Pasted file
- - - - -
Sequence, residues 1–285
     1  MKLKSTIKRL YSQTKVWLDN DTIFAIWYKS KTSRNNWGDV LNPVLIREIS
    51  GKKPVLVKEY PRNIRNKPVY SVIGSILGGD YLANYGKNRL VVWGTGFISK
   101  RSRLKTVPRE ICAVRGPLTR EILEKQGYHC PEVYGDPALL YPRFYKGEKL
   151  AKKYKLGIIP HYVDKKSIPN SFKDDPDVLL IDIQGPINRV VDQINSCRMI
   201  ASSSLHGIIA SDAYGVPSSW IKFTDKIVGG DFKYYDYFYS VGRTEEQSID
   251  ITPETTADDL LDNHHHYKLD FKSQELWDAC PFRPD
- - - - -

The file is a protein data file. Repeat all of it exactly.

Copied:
Sequence, residues 1–285
     1  MKLKSTIKRL YSQTKVWLDN DTIFAIWYKS KTSRNNWGDV LNPVLIREIS
    51  GKKPVLVKEY PRNIRNKPVY SVIGSILGGD YLANYGKNRL VVWGTGFISK
   101  RSRLKTVPRE ICAVRGPLTR EILEKQGYHC PEVYGDPALL YPRFYKGEKL
   151  AKKYKLGIIP HYVDKKSIPN SFKDDPDVLL IDIQGPINRV VDQINSCRMI
   201  ASSSLHGIIA SDAYGVPSSW IKFTDKIVGG DFKYYDYFYS VGRTEEQSID
   251  ITPETTADDL LDNHHHYKLD FKSQELWDAC PFRPD